Positive = Right

In the Kitty vs. Mattie transcript that Holden linked to this morning, something struck me.

Matt spends the first few minutes of the interview challenging Kitty’s accuracy:

Lauer: “He says he gave up drinking in 1986 and became much more religious, embraced religion, so  you want us to believe that two years after that change in his life, he’s doing cocaine at Camp David? How many sources do you have on that story?”

Kelley: “Two.”

Lauer: “One is unnamed?”

Kelley: “One is unnamed. The lawyers have it.”

Lauer: “The other?”

And the next few minutes berating her for not presenting a “positive” picture of the Bushes to somehow “balance” the negatives:

Lauer:  “Most people, no matter what their politics, would say that if a family has three generations of public service, the reality has to be that there are some nice things that need to be said about them, and why aren’t they in this book?”

[snip]

Lauer:  “But every – but where are the positives, Kitty?”

Setting aside the point that Kitty is under no obligation to write any book other than the one she chooses to write and therefore Lauer’s just being a prick, the message I got from Lauer’s behavior throughout the interview was that he was saying being innacurate is bad; just as bad is being “negative.” Even if the positives are lies and the negatives are truths. Even if being right and being happy-skippy-joy-joy have absolutely nothing to do with each other.

Look. News orgs for years have been battered with two accusations. One, that they’re liberal. And two, that they’re “negative.” You never tell the positive stories, viewers and subscribers whine, and so out come the animal stories and the “someone you should know” segments, in an effort to placate a constituency instead of educate it.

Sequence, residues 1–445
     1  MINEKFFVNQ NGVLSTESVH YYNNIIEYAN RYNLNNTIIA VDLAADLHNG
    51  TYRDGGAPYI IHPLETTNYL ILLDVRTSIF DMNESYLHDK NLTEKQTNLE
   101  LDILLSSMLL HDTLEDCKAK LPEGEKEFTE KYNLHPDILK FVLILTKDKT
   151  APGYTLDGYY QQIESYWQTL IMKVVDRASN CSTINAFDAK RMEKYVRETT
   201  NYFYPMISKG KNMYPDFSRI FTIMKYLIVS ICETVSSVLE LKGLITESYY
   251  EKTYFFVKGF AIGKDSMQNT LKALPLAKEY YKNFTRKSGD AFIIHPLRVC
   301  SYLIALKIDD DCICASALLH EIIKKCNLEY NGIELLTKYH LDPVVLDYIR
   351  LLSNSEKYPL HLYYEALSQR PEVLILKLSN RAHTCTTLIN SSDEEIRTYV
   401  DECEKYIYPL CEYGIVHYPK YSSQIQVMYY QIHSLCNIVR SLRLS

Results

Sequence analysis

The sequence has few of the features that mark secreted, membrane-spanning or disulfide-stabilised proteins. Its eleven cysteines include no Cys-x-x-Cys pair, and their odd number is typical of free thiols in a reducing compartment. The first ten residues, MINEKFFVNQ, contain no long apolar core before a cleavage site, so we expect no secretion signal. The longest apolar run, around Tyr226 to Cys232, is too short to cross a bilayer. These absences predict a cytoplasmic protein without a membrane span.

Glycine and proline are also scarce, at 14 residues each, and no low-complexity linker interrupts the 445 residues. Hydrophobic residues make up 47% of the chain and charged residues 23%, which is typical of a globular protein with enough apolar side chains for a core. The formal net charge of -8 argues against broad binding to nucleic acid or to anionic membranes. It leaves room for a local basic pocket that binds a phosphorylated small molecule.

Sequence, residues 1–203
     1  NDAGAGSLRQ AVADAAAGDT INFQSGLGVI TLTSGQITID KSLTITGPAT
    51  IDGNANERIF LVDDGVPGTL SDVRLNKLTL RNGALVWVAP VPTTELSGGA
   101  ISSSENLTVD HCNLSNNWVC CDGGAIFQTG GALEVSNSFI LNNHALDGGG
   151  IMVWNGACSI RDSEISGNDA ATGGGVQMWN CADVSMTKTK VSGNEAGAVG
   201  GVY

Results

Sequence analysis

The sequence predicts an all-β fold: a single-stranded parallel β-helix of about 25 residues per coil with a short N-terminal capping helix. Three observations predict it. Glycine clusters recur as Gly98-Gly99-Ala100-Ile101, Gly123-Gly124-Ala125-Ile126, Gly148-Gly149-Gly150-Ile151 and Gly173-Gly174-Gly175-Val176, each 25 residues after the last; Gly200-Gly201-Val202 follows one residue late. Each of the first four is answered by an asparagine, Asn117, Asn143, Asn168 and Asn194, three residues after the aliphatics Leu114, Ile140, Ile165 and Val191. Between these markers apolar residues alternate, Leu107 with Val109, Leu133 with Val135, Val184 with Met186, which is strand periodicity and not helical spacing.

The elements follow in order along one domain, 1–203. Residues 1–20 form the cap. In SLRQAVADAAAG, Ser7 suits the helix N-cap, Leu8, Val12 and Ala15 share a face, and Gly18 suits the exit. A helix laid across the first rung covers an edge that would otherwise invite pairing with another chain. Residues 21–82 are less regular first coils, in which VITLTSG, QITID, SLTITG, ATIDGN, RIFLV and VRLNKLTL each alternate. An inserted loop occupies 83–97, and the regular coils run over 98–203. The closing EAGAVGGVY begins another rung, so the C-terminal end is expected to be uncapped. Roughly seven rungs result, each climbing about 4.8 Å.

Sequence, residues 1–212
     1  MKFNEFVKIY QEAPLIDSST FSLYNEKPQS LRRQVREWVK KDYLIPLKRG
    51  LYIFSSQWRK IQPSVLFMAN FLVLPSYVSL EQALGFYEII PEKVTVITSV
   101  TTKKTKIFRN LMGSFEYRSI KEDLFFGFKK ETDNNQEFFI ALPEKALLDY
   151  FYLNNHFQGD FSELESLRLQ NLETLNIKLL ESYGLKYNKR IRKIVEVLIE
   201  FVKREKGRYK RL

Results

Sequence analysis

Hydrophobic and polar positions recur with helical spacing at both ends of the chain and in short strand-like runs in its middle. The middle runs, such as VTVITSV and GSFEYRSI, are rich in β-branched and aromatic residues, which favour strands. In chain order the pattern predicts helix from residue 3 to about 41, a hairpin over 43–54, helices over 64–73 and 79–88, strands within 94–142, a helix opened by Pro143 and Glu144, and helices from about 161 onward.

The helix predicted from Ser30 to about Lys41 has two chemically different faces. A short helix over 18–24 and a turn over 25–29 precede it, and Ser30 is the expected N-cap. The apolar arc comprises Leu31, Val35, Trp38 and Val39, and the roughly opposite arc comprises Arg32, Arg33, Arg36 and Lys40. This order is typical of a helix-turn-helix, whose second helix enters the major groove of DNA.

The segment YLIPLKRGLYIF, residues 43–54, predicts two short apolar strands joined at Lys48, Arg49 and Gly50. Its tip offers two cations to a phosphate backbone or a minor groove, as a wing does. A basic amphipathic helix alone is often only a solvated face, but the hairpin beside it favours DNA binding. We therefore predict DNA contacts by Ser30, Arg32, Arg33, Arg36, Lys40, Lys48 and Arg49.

Educate it how? Well, for starters, people who complain about positive and negative stories understand very little about journalism. In good journalism, there is no positive or negative story. There’s just a story. Look at the recent Catholic Church sex scandal in Boston. People victimized by the priests the Boston Globe exposed found it immensely “positive” that these monsters were no longer stalking children due to the intervention of the newspaper. The church found the stories negative and cast them as an anti-Catholic attack. In both cases, it wasn’t the story itself. It was the subjects’ reaction to it.

I get frustrated often with the administration line that “the media are only reporting the bad news out of Iraq.” I want to point them to the Milwaukee Journal Sentinel, which is doing a fantastic job of presenting the warts-and-all travails of a company of Wisconsin soldiers. The paper’s stories are stories; people will take them however they want depending on both the subject matter and their position in relation to it. I also want to point out to these administration numbskulls that if they see something they perceive as negative, they fix the problem instead of bitching at the people bringing it to their attention.

(Understand I’m talking about news stories here, not analysis, not columns, not opinion pieces. Those kinds of commentary, which make up most of what’s presented as campaign journalism, are in a separate category all their own, and I’ll leave picking apart that category to the experts.)

If media outlets and media critics truly wanted to educate their audience instead of gossip, they’d point things like this out instead of writing suck-up pieces about Laura Ingraham and worrying about when their colleagues were going to retire. Why no, Howie, I wasn’t looking at you. Not at all.

Maureen Dowd said during the Clinton impeachment that the danger would be that during the next scandal, reporters would make a sort of vicious equivalence between what was popular and what was right. Looking at Matt’s questioning of Kitty Kelley, looking at how he first attacks her as wrong and then as negative as if one was just as bad as the other, I’m thinking Maureen was onto something, though she wasn’t all the way there.

We’ve made a false equation between what is positive and what is right. And in the end, because that equation is dishonest from its start, it’s neither.

A.